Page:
IX. THE FREE TOWNS
We should be glad to know more of the bold spirits who directed the communal movement in this early stage. They startled contemporaries by their radicalism, and their conduct gives the lie to our preconceived idea that a townsman is a man of peace. These medieval burgesses were accustomed to defend their rights by force; there is nothing abnormal in the rule of the merchant-gild of Valenciennes that the gild-brethren should always bring their weapons with them to the market, and should ride in armed companies to distant fairs. The Milanese and the men of Ghent are typical in their greed for empire, in their readiness to strike a blow for their own profit whenever war is in the land. If the seigneurs of such cities gave cause for dissatisfaction, they found that they had brought a hornet's nest about their ears. In the struggle for liberties the popular party displayed a high courage which rose superior to defeat, though in the hour of triumph it was too often sullied by ferocious acts of vengeance. They threw themselves with intelligence and energy into the feuds of other interests and classes, backing the Church against the State, the State against the baronage, or the weaker against the stronger of two rival lords. The policy of the towns was often double-faced, material and separatist; but it also embodied ideals of justice and of citizenship which were destined to prevail in the struggle for existence, and to produce a wholesome reformation in the structure of society.
The communal programme was not realised in a day; the struggle for free governments, which began in the eleventh century, was continued into the thirteenth and fourteenth; and the forces of the movement were already exhausted in North France and Italy before it reached a head in South France or in Germany. Naturally, in a conflict waged over so wide an area for several hundred years, the watchwords were often modified, and many different patterns of town government were devised. In its later stages the movement was more peaceful, and the purse was often found a better argument than the sword; the communal parties ceased to be democratic, though they never ceased to be republican; and power was practically if not formally monopolised by a municipal patriciate. The mass-meeting of the burgesses, all-powerful in the days when the commune was an organised rebellion, gradually became insignificant in the older communes, and in many of the late foundations was never recognised at all, its powers being distributed among the craft-gilds meeting in their separate assemblies. Concurrent with this diminution in the importance of the ordinary burgess, there is a tendency to restrict the franchise by demanding higher and higher qualifications from the candidates. The commune, in fact, sinks almost to the level of a trades union or a benefit society, and membership is valued chiefly as a title to exclusive rights of trade and poor-relief. The political aspect of the institution is almost forgotten in countries where the power of the state gains ground upon the centrifugal forces of society; and, in those communes which preserve the dignity of states, an internecine conflict between the rich and poor, the rulers and the ruled, usually becomes the main feature of domestic politics.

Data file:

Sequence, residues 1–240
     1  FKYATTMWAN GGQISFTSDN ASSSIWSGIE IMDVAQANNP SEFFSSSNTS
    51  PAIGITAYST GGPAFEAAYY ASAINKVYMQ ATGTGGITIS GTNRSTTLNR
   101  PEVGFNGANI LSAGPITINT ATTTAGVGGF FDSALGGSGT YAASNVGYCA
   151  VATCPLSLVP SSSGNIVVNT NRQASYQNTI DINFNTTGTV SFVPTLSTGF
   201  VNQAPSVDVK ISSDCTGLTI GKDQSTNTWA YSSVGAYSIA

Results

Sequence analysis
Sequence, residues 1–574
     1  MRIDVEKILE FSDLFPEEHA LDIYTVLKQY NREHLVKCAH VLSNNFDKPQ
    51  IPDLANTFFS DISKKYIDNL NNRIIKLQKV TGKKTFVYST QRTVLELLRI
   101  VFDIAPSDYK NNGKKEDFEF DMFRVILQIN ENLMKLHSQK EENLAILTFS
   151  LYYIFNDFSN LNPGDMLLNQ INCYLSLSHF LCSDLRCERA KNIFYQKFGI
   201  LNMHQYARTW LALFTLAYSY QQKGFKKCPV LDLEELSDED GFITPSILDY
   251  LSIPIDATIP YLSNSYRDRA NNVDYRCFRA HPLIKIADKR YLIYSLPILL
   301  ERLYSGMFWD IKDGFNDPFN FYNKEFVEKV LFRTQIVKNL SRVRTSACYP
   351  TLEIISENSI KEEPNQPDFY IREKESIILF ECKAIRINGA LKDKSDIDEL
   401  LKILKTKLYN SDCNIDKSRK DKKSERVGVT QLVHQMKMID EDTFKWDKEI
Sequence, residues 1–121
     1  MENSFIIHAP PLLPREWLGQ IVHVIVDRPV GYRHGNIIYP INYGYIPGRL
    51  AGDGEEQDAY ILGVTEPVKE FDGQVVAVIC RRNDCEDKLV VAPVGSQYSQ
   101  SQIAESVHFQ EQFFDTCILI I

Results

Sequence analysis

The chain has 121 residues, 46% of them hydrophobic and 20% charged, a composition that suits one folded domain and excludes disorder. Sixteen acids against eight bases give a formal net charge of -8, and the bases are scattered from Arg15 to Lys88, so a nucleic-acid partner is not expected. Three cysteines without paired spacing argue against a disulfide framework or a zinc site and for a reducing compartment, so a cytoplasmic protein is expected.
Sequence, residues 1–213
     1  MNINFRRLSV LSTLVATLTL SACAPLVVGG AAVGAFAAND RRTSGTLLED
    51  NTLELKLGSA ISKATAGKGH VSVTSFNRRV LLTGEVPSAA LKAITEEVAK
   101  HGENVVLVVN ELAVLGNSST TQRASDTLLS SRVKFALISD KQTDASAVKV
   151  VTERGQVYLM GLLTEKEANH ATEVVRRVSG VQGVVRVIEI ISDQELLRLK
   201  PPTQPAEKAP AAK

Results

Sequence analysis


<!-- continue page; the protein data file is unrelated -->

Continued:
In spite of these changes in principles and spirit, the organs of communal government are almost everywhere the same. The executive power is vested in a board or committee, called in Italy the consules, in France the echevins, jurati, or syndics, in Germany the Rath (council). Commonly this board has a president, known in France and England as the mayor, in Germany as the burgomaster, who represents the body-corporate in all negotiations with the seigneur or the Crown or other communes. One or more councils (sapientes, pares , etc.) are often found assisting the executive with their advice; and in the older type of commune the mass-meeting plays a conspicuous part, not only electing magistrates and councils, but also voting taxes, auditing the accounts of expenditure, and deciding on all questions of exceptional importance. Where the general assembly is non-existent or moribund, offices are filled either by co-optation or by elections in the assemblies of the craft-gilds, or are even allowed to descend by hereditary right. As the popular control over the executive declines, jealousy of the executive leads to some disastrous changes: to the multiplication of offices, to the shortening of terms of office, to the creation of innumerable checks and balances, to the organisation of this or that powerful interest or party as a state within the state. But the morbid pathology of the communes in their last stage of decline is a subject with which we need not here concern ourselves. These intricate expedients, which are best exemplified in the constitution of fourteenth-century Florence, weakened the government but could not make it more impartial or more tolerant. By the end of the Middle Ages, the ordinary burgess was prepared to hail the advent of a royal bailiff or a self-constituted despot, as the only cure for the inveterate disorders incident to freedom.
It is refreshing to turn back from the period of disillusionment to that of sanguine expectations, and to study the commune in the period of infancy and growth, when no other refuge from anarchy and oppression was open to the industrial classes, and when emancipated serfs were still intoxicated with the dream of liberty.